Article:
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The Olmecs probably founded writing in the Mexico. Dr. Coe, in "Olmec Jaguar and Olmec Kings" (1968), suggested that the beliefs of the Maya were of Olmec origin and that the pre Maya were Olmecs (1968,p.103). This agreed with Brainerd and Sharer's, The ancient Maya (1983,p.65) concept of colonial Olmec at Maya sites. Moreover, this view is supported by the appearance of jaguar stucco mask pyramids (probably built by the Olmecs) under Mayan pyramids e.g., Cerros Structure 5-C-2nd, Uxaxacatun pyramid and structure 5D-22 at Tikal. This would conform to Schele and Freidel's belief that the monumental structures of the Maya were derived from Olmec prototypes
An Olmec origin for many pre-Classic Maya, would explain the cover-up of the jaguar stucco mask pyramids with classic Maya pyramids at these sites. It would also explain Schele and Freidel's (1990,p.56) claim that the first king of Palenque was the Olmec leader U-Kix-chan; and that the ancient Maya adopted many Olmec social institutions and olmec symbolic imagery.
the Olmec spoke an aspect of the Manding languages spoken in West Africa, not Mixe- Zoquean as suggested by Terrence Kaufman. The African origin of the Olmec was based on the research of C.S. Rafinesque and Leo Wiener.
In 1832, Rafinesque published the in this paper he discussed the fact that when the Mayan glyphs were broken down into their constituent parts, they were analogous to the ancient Libyco- Berber writing (which can not be read in either Berber or Taurag, people who use an alphabetic script similar to the
Libyco-Berber script which is syllabic CV and CVC in structure).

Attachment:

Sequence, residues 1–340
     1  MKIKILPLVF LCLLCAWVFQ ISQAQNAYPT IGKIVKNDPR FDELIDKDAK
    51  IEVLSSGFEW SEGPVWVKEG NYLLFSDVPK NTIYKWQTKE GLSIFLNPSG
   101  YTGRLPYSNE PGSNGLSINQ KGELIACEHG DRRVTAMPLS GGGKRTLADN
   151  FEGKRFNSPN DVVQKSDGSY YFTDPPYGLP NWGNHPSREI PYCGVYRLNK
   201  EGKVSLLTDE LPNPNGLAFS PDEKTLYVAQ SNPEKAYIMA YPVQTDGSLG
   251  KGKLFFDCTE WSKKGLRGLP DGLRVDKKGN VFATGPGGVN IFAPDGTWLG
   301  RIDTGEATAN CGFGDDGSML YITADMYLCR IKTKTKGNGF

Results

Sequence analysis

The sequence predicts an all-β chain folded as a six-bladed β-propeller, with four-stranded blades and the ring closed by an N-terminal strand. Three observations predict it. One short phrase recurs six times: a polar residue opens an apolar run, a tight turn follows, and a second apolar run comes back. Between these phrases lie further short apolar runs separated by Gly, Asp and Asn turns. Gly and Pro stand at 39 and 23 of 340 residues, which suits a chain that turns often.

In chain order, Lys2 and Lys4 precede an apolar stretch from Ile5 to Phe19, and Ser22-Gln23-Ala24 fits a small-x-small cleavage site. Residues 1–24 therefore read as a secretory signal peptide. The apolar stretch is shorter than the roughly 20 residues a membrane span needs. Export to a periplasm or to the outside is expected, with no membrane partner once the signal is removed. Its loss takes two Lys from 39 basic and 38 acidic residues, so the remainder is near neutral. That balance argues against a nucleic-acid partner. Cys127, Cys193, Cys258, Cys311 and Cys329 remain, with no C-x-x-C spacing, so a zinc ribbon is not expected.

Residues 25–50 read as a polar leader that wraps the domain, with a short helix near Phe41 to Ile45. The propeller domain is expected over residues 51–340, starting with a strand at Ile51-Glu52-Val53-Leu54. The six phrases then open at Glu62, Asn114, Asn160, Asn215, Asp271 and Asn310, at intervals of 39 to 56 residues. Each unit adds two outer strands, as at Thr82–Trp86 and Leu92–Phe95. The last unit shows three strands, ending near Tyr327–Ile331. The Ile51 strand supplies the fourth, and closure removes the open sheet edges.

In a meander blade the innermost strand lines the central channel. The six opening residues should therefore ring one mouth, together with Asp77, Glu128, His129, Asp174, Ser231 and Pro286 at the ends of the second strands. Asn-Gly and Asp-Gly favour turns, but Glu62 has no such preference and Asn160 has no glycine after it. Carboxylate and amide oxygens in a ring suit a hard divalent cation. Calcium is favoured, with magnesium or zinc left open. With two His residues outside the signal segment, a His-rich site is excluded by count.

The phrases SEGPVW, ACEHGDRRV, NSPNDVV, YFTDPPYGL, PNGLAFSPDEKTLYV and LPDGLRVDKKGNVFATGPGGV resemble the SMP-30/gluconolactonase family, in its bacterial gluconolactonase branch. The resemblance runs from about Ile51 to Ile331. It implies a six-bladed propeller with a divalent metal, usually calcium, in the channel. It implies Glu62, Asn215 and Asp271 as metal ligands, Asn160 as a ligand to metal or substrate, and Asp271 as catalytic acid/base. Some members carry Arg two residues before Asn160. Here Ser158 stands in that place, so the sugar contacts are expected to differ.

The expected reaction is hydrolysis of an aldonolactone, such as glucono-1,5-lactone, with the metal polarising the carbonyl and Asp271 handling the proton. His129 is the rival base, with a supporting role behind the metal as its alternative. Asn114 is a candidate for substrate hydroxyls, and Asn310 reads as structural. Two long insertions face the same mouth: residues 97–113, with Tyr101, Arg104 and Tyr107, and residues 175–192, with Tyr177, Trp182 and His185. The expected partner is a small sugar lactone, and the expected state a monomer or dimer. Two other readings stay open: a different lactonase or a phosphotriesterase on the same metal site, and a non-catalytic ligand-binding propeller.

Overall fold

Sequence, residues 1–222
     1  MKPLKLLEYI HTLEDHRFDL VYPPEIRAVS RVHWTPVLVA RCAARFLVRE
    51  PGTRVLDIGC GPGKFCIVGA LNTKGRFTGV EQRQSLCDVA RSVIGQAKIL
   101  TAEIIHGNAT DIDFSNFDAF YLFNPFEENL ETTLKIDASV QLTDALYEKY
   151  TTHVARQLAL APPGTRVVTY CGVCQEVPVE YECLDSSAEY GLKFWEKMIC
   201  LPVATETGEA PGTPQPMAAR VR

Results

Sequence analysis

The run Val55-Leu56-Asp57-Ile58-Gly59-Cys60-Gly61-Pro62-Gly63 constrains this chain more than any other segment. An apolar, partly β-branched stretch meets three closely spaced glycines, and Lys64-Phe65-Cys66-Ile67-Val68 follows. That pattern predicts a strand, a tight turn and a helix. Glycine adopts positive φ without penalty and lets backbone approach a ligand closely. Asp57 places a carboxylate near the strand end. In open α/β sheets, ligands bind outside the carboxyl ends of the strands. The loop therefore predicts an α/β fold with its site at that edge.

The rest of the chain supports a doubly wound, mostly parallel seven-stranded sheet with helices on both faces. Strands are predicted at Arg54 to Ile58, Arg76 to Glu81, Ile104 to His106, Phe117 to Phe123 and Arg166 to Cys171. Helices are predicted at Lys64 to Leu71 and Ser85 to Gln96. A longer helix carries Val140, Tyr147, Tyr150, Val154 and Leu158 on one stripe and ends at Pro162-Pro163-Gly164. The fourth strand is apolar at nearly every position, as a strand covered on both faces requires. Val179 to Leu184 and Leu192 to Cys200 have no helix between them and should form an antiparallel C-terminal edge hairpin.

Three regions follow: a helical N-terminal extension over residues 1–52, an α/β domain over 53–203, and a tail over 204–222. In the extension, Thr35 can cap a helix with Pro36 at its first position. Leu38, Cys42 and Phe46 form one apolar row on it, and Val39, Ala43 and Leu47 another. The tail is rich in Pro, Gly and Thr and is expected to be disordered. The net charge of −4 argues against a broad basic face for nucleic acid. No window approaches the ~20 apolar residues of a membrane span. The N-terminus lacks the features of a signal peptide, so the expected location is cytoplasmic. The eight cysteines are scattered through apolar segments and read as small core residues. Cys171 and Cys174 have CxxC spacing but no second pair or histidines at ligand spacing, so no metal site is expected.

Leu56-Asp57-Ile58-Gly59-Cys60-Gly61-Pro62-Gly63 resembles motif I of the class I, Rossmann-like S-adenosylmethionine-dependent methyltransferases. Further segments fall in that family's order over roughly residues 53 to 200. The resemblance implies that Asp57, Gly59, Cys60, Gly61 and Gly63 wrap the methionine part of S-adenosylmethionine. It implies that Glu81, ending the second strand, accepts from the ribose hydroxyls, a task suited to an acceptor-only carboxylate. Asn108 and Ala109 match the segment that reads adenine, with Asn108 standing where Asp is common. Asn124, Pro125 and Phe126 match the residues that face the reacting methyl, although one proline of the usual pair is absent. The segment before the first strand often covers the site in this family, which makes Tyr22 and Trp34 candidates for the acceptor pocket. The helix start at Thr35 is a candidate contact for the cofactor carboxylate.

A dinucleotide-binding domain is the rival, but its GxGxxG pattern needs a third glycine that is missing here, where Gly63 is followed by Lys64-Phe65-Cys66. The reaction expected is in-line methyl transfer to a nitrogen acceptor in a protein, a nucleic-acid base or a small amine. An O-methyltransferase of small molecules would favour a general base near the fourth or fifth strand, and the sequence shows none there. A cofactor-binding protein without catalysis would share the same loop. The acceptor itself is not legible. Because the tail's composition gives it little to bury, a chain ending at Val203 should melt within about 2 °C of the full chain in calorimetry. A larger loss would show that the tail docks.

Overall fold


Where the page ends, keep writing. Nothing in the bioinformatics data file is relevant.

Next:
The Libyco-Berber signs are analogous to the Mande signs recorded by Delafosse (1899). These Mande speakers, or the Si people , now centered in West Africa and the Sahelian region formerly lived in areas where Libyco- Berber inscriptions are found (Winters, 1983, 1986). Using the Manding languages I have been able to decipher the Libyco-Berber inscriptions (Winters, 1983).
The second clue to the Manding origin of the Olmec writing was provided by Leo Wiener in Africa and the Discovery of America (1922,v.3). Wiener presented evidence that the High Civilizations of Mexico (Maya and Aztecs) had acquired many of the cultural and religious traditions of the Malinke-Bambara (Manding people) of West Africa. In volume 3, of Africa and the Discovery of America, Wiener discussed the analogy between the glyphs on the Tuxtla statuette and the Manding glyphs
engraved on rocks in Mandeland.
I was able to test the hypothesis of Rafinesque and Wiener through a comparison of the signs inscribed on the Tuxtla statuette and the La Venta celts. Using the should values from the Manding symbols, to read the La Venta celts I was able to decipher both the celts and other Olmec inscriptions.
LaVenta Celt. The Priest Pe is
surrounded by other members of the cult.
The Mande people often refer to themselves as Sye or Si 'black, race, family, etc.'. The Si people appear to have been mentioned by the Maya. A. M. Tozzer (ed.), Relacion de las Casa de Yucatan (Peabody Museum of American Archaeology and Ethnology ,1941) claimed that the Yucatec Maya said that the Tutul Xiu (shiu), a group of foreigners from zuiva, in Nonoualoco territory taught the Maya how to read and write. This term Xiu agrees with the name Si, for the Manding people (also it should be noted that in the Manding languages the plural number is formed by the suffix -u, -wu.
The Olmec script is a logosyllabic
script. The Olmec had both a syllabic and hieroglyphic script. The hieroglyphic signs were
simply Olmec syllabic signs used to make pictures.
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